Wednesday, December 21, 2016

From Users to Developers: NCSU’s Involvement with an Open Source ERM

A recent article in Code4Lib Journal describes the experience of library staff members at North Carolina State University when adopting and making enhancements to an open source electronic resource management tool.

According to the article’s abstract:
“CORAL, an open source electronic resource management tool, has been adopted by libraries around the world. The community manages the software development contributed to the open source codebase by independent organizations. NCSU Libraries’ Acquisition & Discovery Department started using CORAL to manage monograph orders at the end of 2013. Since then, they have completed a series of developments to enhance CORAL functions for workflow management, streamlining the complex electronic resource acquisition process. This paper presents NCSU’s adoption and development of CORAL. It explains what prompted the development, shares the experience, from identifying internal resources to outsourcing development work, and identifies challenges and opportunities of the current mechanism of CORAL development.”

The author of the article concludes that CORAL is a strong open source software product, and it seems like NCSU had a positive experience working with it.

Song, Xiaoyan. Code4Lib Journal, Issue 34, October 2016,

Monday, December 19, 2016

Getting to Know TS Law Librarians: Corinne Jacox

1. Introduce yourself.
My name is Corinne Jacox. I have been the Catalog/Reference Librarian at the Creighton University Law Library for fifteen years. 

2. Does your job title actually describe what you do? Why/why not?
My title could be updated to Metadata/Reference Librarian to reflect the additional work I do with metadata in our institutional repository, as well as cataloging.

3. What are you reading right now?
Right now I am reading Bubonic Panic: When Plague Invaded America by Gail Jarrow.

4a. If you could work in any library (either a type of library or a specific one), what would it be? Why?
If I could work in any library, it would be a genealogy library. I really enjoy working on the genealogy of my family and putting the pieces of the puzzle together.

4b. You suddenly have a free day at work, what project would you work on?
If I had a free day at work, the project I would work on would be putting together letters to commercial publishers to obtain permission to load articles by the Creighton School of Law's faculty into our institutional repository.

Friday, December 9, 2016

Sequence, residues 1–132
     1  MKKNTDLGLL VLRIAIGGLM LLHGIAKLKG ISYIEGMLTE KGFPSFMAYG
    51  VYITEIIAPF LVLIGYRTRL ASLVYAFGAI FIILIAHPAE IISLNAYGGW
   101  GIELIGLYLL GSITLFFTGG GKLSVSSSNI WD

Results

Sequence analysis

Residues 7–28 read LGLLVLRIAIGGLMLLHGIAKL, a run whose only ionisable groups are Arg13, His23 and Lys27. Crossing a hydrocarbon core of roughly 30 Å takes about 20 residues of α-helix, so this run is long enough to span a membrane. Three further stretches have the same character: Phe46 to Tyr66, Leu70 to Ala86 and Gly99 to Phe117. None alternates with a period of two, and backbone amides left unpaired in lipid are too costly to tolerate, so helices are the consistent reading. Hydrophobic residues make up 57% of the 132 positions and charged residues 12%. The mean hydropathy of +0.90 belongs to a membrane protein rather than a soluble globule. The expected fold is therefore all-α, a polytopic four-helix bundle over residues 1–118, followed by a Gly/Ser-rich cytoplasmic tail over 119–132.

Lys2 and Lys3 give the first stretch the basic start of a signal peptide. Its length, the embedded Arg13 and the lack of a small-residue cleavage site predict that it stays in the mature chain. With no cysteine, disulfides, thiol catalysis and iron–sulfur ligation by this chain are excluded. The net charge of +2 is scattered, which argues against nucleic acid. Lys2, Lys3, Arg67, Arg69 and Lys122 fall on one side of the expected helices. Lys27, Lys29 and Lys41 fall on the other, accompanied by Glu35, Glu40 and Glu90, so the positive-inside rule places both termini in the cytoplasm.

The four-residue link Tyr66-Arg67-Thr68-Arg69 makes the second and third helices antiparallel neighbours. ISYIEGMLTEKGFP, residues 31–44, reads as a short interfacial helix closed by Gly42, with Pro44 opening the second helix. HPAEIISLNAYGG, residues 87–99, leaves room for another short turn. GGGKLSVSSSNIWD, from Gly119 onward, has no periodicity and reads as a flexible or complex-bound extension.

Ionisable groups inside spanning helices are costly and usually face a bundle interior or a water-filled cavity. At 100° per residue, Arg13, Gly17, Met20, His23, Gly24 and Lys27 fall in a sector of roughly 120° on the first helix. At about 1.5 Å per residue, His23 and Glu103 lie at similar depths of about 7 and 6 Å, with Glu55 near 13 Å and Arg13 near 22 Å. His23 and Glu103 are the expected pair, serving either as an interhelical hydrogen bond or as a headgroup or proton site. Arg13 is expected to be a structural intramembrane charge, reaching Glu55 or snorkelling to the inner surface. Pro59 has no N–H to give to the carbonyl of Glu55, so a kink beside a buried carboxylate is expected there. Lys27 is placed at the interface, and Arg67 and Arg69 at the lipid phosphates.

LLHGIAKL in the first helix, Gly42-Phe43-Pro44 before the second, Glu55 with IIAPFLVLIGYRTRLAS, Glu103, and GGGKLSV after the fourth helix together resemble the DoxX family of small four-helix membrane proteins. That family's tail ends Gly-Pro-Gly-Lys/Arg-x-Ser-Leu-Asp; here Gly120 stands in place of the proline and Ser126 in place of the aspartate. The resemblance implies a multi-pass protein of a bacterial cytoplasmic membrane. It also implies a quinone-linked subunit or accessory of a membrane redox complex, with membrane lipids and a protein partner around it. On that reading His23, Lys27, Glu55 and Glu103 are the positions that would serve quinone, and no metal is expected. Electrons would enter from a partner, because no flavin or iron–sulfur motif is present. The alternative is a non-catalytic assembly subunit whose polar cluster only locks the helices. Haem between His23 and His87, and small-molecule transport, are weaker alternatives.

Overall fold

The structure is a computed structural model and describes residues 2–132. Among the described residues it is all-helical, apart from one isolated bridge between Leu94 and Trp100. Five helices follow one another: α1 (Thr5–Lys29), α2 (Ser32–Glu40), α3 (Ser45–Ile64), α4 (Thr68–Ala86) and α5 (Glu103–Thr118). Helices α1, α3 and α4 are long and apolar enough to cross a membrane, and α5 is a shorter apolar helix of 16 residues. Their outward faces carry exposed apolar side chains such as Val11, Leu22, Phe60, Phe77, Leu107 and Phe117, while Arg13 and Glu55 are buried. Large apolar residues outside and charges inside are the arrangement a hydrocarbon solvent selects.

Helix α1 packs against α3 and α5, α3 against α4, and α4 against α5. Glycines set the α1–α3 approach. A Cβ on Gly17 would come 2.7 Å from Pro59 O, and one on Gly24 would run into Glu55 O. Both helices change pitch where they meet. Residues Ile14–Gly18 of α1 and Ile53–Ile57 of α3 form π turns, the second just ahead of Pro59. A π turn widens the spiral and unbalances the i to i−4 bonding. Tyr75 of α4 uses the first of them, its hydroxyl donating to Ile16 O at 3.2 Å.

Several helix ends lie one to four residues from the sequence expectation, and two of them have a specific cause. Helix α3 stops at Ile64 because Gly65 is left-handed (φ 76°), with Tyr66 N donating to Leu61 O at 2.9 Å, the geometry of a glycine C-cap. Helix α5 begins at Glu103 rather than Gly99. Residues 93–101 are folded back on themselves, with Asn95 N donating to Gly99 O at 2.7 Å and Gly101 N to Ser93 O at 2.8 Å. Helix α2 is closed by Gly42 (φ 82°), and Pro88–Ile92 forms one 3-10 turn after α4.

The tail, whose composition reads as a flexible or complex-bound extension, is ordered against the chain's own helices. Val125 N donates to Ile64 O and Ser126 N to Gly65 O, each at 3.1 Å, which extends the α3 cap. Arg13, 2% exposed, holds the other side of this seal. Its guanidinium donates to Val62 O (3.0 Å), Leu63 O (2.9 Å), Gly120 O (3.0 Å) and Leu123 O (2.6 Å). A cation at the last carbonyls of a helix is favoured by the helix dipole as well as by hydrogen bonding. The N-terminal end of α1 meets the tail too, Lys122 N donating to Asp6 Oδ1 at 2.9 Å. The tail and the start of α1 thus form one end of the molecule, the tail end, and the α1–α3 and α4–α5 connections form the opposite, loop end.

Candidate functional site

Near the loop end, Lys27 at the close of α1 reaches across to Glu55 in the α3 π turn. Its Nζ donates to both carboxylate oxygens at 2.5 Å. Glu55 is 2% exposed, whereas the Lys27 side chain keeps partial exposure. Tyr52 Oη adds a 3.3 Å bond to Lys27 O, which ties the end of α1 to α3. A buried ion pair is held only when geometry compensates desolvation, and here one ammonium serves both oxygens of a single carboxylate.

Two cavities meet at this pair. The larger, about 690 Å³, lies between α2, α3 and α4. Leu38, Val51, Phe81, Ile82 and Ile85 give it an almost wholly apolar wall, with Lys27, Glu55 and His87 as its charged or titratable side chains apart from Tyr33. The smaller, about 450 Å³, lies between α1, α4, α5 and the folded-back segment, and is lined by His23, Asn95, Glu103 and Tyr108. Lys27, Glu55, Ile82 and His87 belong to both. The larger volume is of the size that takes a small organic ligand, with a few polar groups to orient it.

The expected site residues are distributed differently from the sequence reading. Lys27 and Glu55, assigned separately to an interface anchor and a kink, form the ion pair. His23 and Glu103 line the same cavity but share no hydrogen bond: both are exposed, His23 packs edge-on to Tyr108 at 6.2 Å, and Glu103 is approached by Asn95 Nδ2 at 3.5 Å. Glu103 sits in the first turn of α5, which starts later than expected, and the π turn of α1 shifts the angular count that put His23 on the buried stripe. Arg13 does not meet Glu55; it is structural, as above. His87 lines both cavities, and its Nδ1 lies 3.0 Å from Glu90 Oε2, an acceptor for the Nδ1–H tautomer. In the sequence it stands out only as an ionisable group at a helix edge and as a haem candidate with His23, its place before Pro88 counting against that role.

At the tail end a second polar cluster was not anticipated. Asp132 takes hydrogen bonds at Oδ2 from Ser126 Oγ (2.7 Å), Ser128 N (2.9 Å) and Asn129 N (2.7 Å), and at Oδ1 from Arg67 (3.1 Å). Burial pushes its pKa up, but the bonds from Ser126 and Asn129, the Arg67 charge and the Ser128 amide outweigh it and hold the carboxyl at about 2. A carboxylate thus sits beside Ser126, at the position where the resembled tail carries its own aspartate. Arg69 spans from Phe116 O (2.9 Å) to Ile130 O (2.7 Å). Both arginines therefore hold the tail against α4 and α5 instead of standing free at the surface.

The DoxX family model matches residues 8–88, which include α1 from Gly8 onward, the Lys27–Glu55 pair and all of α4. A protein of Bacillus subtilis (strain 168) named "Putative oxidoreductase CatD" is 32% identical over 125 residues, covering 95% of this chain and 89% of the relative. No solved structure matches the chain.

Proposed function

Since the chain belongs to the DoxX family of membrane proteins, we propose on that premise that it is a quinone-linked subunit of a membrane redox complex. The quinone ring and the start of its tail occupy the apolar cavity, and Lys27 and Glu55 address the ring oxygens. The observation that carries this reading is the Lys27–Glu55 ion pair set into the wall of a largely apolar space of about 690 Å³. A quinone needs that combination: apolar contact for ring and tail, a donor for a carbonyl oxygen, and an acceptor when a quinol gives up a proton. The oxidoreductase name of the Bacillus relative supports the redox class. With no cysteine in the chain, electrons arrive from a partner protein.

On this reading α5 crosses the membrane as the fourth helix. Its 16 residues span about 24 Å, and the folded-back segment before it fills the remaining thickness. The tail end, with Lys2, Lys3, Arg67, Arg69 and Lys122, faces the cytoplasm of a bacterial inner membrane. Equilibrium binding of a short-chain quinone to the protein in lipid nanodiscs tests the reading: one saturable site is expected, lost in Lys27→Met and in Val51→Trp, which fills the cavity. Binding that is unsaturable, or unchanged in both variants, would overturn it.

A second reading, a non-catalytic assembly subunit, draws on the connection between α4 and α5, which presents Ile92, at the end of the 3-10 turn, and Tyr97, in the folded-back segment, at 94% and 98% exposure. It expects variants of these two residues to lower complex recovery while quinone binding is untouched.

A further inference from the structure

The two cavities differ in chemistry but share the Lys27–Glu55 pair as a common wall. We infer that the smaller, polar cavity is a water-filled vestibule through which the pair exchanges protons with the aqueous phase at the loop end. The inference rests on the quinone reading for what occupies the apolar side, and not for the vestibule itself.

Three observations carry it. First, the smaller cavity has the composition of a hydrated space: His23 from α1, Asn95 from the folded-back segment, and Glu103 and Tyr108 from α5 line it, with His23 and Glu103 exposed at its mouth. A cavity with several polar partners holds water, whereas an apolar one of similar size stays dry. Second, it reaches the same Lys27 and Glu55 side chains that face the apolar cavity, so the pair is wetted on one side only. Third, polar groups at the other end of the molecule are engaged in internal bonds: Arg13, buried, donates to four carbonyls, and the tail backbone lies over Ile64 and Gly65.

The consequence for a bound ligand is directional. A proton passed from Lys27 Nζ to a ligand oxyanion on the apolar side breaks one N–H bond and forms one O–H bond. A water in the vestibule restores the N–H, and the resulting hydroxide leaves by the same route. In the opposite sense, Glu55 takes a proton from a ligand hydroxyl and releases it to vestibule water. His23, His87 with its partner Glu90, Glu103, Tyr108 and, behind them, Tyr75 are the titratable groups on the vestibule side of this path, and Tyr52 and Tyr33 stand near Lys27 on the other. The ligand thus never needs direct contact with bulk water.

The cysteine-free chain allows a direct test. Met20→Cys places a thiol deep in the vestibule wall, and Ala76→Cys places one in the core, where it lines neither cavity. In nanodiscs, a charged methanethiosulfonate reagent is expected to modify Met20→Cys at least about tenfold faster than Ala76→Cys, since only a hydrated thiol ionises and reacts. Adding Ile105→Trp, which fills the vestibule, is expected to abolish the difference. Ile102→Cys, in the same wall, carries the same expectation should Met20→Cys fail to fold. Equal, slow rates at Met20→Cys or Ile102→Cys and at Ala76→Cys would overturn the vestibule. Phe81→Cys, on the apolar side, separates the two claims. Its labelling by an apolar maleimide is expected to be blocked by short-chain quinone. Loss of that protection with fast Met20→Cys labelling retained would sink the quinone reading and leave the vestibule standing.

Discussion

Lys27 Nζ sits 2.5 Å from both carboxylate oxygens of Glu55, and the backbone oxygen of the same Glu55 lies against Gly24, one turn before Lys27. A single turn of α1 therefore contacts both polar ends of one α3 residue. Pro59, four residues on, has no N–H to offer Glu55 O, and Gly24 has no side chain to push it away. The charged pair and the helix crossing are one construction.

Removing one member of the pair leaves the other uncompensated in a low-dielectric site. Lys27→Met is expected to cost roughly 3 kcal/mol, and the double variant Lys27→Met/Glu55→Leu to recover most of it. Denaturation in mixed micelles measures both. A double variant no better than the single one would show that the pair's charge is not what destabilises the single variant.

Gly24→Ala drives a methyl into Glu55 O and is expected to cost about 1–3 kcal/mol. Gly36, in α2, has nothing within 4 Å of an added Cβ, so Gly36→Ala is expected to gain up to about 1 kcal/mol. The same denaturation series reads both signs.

An Update from Project COUNTER on Hidden Metrics

Remember how Project COUNTER wanted to hear from you about hidden metrics back in October?  They’ve compiled the results from their online survey along with feedback from their face-to face focus group and international webinar, and recently published an official report of their findings called “Distributed Usage Logging: A Report on Stakeholder Demand.”

Here are a few highlights:
  • All respondents are interested in going beyond basic counts of usage and having access to data on how users are actually engaging in the content.
  • There is strong support for all content to have a DOI (digital object identifier) and for institutional repositories to mint them for items that do not have them.
  • Demand for DUL (distributed usage logging) differs slightly, depending on whether participants are a provider or a user of the content.
  • Content providers wish to have access to DUL data reports so they can clearly report to consumers a picture of total usage, across their own platforms and beyond.
  • DUL usage statistics are desired by publishers to demonstrate the true value of a journal, to understand more about who is recommending particular authors, and to have access to country and article level data.
  • Librarians generally discourage usage of academic sharing networks, in part due to copyright and impact reduction concerns.
  • While altmetrics may not bring significant value to librarians when making collection management decisions, they are an important form of support for faculty authors and can provide consortiums with useful background information on academic engagement.
  • Most are in agreement that standard usage reporting would help with the implementation of open access policy and would help simplify things across the current landscape, made up of multiple models for open access and freely available content.
  • Some publishers already track open access usage for certain customers who have agreements where their license and open access publication fees are covered in the same deal.
Want more details?  Download their full report today to learn more about the respondent groups, their methodology, and to hear what your colleagues think about topics such as shared social network sites, calculating cost per use, and more!